The other major change -- also focused on context -- concerns the essays. The old tests featured one essay, and it fit the general model people associate with standardized writing tests: a prompt says something philosophical, to which test-takers must respond. This essay format is continuing in the new test, and the example released by the College Board features this prompt: "There are no challenges so difficult, no goals so impossible, as the ones we set for ourselves."
But the second essay being added will show "research skills" and the ability of a student to "look at a couple of sources and to synthesize the material into a coherent essay," Singer said.
In the example provided, students are asked to write about copyright issues and are given short excerpts from two articles -- one generally defending copyright regulations and one arguing for more open access to information -- and told to discuss the issues, citing the essays appropriately.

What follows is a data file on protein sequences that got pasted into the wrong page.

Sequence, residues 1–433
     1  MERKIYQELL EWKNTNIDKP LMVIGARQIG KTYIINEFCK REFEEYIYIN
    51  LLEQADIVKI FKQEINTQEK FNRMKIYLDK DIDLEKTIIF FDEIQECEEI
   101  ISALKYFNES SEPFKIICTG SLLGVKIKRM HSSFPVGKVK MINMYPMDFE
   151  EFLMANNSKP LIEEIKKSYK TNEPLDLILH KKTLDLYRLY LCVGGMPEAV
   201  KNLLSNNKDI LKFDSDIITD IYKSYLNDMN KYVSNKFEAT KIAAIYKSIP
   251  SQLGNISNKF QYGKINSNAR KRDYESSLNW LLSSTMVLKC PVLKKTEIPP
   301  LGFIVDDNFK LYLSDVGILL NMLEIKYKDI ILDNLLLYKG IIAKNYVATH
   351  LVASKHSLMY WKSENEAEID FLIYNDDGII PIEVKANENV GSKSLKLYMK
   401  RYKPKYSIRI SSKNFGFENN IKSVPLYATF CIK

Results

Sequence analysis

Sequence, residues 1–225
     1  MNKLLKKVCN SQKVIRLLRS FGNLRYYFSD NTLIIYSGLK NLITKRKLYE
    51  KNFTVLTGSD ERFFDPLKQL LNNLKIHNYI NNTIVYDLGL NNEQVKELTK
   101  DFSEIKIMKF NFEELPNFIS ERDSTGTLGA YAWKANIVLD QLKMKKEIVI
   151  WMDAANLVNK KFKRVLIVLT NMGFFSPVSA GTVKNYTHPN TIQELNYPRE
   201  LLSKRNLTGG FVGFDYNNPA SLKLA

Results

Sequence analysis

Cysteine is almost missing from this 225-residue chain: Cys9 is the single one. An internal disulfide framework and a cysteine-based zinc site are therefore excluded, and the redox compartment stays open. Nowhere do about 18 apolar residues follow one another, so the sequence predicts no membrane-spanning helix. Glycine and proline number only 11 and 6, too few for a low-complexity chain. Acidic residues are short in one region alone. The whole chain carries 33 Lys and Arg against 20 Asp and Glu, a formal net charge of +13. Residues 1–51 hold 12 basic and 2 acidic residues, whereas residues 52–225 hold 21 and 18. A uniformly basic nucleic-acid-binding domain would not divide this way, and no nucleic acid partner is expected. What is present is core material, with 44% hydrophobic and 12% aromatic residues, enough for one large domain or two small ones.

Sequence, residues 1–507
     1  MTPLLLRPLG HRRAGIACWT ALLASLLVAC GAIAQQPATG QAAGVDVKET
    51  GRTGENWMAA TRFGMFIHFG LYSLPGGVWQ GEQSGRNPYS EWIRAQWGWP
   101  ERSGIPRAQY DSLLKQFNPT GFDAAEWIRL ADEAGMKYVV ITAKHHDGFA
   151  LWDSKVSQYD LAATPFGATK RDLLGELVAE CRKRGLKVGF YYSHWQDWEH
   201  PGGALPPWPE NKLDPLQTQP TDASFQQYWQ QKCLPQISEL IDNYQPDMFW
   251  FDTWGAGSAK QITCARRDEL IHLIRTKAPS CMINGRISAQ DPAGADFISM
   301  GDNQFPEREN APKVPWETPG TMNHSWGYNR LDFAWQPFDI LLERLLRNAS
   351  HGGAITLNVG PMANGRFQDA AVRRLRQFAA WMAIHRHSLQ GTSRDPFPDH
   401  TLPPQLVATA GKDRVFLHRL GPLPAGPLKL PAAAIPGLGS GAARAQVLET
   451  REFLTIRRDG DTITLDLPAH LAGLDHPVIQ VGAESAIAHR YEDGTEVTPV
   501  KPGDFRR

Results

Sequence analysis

Singer said that the College Board hopes that the changes will increase the number of colleges participating in CLEP for placement or credit granting.
The ACT, the College Board's testing rival, does not have a test equivalent to CLEP's composition exams, but some colleges use ACT scores for placement, and the testing entity has seen a slight increase in their number (although the data don't specify whether the writing scores or other parts are being used). The ACT also is reporting significant increases in the number of colleges, generally two-year institutions, using its COMPASS placement exams, but the data are again across all disciplines and not just writing.
Among leading composition experts, enthusiasm for standardized testing in writing has long been minimal and the reaction to the CLEP changes was lukewarm.